US, 1998, 83 minutes, Colour.
Voices of: Woody Allen, Dan Aykroyd, Anne Bancroft, Jane Curtin, Danny Glover, Gene Hackman, Jennifer Lopez, John Mahoney, Paul Mazursky, Grant Shaud, Sylvester Stallone, Sharon Stone, Christopher Walken.
Directed by Eric Darnell and Tim Johnson.
It has been done before, but why should the animal world be the multi-million dollar Hollywood symbol for contemporary allegories of human life? What was it in the American psyche that Pixar Studios and Dreamworks Studios recognised that persuaded them to spend years computer-animating the movies A Bug's Life and Antz and unleash them on willing and, as it turned out, eager audiences? I am not sure that many humans have a passion for ants, but we are certainly far more sympathetic after these movies than we were before.
The 'done-before' refers to Mr Bug Goes to Town, directed by Dave Fleischer in 1941 which, after not too successful a box-office response, was given a zippier title, Hoppity Goes to Town. It was the struggle between insects and humans (probably relevant in the atmosphere of World War II and the imminent attack on Pearl Harbour).
The 'done before' also refers to 1984's George Orwell's allegory of half a century ago, Animal Farm, which was filmed in animation in Britain and released in 1955, an allegory of tyranny amongst the animal themselves and reflecting Western attitudes towards the dominating socialism of Stalinist Russia.
Maybe animals are what T.S.Eliot calls 'objective correlatives', poetic and symbolic equivalents of human experience. After all, in Antz, we are back in a conformist world where the workers are the workers and unquestioningly do the workers' thing while the soldiers are the soldiers. What odds for it to be Woody Allen as Z (symbolic put-down alphabetical name?) to buck the system by rebelling and imagining that he could be something else (even to refusing to dance in conformist rhythm?)?
Well, Antz was written and computer-drawn more for adults than for children and Woody Allen was never more one of his own characters than Z, whether on the ant-psychiatrist's couch, or wooing the unattainable Princess Sharon Stone, though his yarns with Sylvester Stallone's soldier are entertaining introvert-extravert exchanges.
1. The impact of the film? Entertainment? Message? Animation style? The drawing, the movement, the layouts, the environment? The film for adult audiences? Children?
2. The strength of the voice cast, Woody Allen and his being the character of Zed? The other voices and their appropriateness? The drawings illustrating the characteristics of the actor voicing the character?
3. The themes, work, worker ants, class struggles, the overtones of Animal Farm? The film as an allegory of the human race?
4. The focus on Zed, Woody Allen, his voice, expressions, Zed sounding like a typical Woody Allen character? The therapy? An ant with ideas?
5. The world of the anthill, the visualising of the interiors? The worker ants, the millions of them, Zed as one in five million? The importance of conformity? The babies, the workers, the soldiers?
6. The routines in the ant world, the collection of food, the hierarchy? No free time – except for training? Seeing Zed at work, the morale, the team? Team spirit? The ants and their being walked over? The ants being part of the destruction ball, swinging – and being the ball?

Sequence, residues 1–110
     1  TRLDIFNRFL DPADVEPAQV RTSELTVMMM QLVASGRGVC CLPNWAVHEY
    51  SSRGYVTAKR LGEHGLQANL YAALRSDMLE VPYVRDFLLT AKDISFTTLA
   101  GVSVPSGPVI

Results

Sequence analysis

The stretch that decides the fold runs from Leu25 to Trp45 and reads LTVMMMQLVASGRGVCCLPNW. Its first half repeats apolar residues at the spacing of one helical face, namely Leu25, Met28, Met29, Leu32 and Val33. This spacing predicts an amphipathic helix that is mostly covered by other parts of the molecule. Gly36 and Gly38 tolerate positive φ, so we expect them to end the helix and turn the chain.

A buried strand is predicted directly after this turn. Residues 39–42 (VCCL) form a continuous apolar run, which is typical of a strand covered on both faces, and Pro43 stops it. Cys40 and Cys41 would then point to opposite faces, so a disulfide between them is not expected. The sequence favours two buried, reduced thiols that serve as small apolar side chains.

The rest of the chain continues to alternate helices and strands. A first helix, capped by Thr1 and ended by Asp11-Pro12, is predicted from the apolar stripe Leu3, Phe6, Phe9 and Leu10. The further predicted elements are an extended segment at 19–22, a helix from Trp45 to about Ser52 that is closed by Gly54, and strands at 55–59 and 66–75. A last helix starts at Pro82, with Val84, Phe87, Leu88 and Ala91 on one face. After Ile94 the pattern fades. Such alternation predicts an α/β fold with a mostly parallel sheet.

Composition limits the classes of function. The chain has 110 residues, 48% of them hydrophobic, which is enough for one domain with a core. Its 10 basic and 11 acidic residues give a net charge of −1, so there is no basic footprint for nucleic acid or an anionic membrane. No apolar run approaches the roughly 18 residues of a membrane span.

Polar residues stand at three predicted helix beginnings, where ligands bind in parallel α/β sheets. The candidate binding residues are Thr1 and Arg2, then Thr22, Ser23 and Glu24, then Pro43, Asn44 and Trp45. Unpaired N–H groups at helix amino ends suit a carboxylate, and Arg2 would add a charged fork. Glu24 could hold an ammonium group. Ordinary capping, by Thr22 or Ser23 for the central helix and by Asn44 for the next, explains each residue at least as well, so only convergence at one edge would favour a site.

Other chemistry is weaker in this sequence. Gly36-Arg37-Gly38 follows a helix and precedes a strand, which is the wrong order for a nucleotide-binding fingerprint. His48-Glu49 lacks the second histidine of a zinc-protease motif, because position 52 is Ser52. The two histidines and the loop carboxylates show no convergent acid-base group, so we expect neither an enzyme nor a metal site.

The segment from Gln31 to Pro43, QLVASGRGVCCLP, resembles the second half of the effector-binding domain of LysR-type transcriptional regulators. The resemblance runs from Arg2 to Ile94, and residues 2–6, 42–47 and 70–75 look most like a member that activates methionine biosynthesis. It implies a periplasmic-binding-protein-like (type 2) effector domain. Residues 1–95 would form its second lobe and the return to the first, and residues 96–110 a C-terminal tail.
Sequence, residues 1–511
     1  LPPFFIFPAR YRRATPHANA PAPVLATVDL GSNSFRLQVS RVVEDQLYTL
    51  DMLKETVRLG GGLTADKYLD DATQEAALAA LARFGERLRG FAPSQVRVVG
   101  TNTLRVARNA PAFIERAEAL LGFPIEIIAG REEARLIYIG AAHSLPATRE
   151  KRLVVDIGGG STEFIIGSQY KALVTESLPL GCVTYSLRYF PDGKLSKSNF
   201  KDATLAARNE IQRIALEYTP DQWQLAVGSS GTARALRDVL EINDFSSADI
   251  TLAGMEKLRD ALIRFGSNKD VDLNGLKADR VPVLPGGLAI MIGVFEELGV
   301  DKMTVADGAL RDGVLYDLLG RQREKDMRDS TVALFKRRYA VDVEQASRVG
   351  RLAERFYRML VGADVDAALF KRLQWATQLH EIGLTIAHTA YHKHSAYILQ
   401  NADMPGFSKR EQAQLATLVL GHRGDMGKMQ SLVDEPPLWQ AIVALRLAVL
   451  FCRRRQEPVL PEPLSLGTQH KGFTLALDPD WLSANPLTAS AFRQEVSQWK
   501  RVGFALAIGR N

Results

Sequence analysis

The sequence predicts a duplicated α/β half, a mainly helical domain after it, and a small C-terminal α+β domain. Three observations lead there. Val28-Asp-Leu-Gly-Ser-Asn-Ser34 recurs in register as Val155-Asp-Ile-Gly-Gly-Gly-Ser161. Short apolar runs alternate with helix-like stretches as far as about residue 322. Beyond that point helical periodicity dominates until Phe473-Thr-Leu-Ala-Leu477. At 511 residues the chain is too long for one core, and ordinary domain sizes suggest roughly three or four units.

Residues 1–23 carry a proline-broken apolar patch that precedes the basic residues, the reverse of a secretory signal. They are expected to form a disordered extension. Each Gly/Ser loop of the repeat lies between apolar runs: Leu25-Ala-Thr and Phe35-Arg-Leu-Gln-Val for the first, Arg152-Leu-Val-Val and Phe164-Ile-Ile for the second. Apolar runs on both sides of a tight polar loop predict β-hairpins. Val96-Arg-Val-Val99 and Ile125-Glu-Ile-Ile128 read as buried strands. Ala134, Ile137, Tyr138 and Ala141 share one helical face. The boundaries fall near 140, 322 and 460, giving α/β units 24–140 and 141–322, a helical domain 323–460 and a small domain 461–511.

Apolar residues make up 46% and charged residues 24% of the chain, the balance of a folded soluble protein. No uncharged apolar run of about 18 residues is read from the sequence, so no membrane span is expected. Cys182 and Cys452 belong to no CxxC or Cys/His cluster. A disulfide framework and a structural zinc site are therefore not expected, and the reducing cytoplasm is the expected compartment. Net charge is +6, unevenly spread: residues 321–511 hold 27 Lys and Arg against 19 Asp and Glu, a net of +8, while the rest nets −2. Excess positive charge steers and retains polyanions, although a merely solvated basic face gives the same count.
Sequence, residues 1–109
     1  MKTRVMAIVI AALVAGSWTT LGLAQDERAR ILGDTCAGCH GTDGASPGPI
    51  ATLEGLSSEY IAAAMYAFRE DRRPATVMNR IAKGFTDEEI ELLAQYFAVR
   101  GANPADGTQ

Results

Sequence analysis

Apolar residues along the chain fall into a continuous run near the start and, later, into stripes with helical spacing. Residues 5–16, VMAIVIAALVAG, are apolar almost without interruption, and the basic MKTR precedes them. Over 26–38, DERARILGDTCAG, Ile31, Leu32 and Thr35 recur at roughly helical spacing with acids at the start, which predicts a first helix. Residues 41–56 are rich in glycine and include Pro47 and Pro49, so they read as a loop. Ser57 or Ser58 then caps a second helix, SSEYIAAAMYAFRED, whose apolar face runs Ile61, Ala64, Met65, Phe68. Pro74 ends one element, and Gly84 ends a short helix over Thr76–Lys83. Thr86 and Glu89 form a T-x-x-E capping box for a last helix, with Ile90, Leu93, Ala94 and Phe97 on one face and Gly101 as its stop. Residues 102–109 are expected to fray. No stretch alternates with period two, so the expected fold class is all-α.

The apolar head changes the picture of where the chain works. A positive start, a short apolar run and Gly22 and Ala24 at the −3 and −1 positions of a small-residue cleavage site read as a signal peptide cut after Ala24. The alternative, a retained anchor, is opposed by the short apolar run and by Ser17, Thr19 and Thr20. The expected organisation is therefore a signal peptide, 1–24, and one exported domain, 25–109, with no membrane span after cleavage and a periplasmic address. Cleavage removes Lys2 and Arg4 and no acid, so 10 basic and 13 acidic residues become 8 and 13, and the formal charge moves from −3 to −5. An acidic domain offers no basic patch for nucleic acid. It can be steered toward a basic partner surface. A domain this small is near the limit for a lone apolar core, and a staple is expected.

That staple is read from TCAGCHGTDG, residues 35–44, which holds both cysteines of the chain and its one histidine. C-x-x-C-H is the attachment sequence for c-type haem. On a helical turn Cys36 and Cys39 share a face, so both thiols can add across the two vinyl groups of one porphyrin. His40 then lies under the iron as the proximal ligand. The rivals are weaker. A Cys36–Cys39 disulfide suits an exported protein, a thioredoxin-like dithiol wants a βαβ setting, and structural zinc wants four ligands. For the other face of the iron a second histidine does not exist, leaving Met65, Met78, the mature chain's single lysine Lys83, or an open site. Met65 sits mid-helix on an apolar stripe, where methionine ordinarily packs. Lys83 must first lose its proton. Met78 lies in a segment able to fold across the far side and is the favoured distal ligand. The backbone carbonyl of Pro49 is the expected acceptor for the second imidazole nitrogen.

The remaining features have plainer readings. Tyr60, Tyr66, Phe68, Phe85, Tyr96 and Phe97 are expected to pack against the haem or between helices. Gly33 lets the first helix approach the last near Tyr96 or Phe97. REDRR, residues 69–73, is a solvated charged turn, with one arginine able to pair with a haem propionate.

7. The general, his character, the voice of Gene Hackman? The name: General Mandible? The importance of the tunnel, the schedule? Colonel Cutter, Christopher Walken’s voice and style, the assistant to the general? The other assistants? The revolution? The general, his interactions with the queen, getting permissions?
8. The princess, Sharon Stone’s voice and style? Her talking with the general, his being her fiancé, talking about war, with the queen, expectations of Princess Bala? Her wanting to go to the dance?
9. The princess at the dance, her meeting with Weaver, Weaver and his friendship with Zed? Weaver as the Sylvester Stallone type, the soldier, his appearance, muscles, voice? At the dance? The ants dancing in conformity? The theme of the Lords of the Earth? The information about a better place? Issues of democracy? Zed and his being arrested?
10. The visualising of the dance, the conformity, ‘Guantanamera’, the fight, Weaver?
11. The aftermath? Zed almost like a child in love, the work, wanting to change places with Weaver to see the princess? The soldiers’ dormitory? Zed in his plane, Zed and his rehearsing his speeches for the princess? Going on parade? The general’s speech on sacrifice? Sound Off? The termite attack, the battle, Zed and his being involved in the war, his life being saved?
12. Weaver and his enjoying the work in the mine, the two hands with the picks, his sex appeal? The threatening of downsizing? The taking of the rations?
13. In the mine, the character of Barbatus? His help? Separated from the body of the group? The advice? Zed being urged to think for himself?
14. The general angry with Zed as hero, the applause, the reaction of the queen, the princess? The difficulties? The arrest?
15. Colonel Cutter and his decisions, turning against the general? The defeat of the general, his being unmasked?
16. Peace within the ants’ world, Zed and his being a hero, the relationship with the princess? Acceptance by the queen? Weaver and his future?
17. The delineation of the supporting characters, their role in the plot? Chip, Muffy, Barbatos, Azteca, Grebs, the drunken scout? The foreman? The importance of the psychologist and the interviews with Zed?
18. The humour, the entertainment, the contribution of the actors? The visuals? The themes and the allegory?
Created by: malonelast modification: Saturday 31 of October, 2009 [10:45:46 UTC] by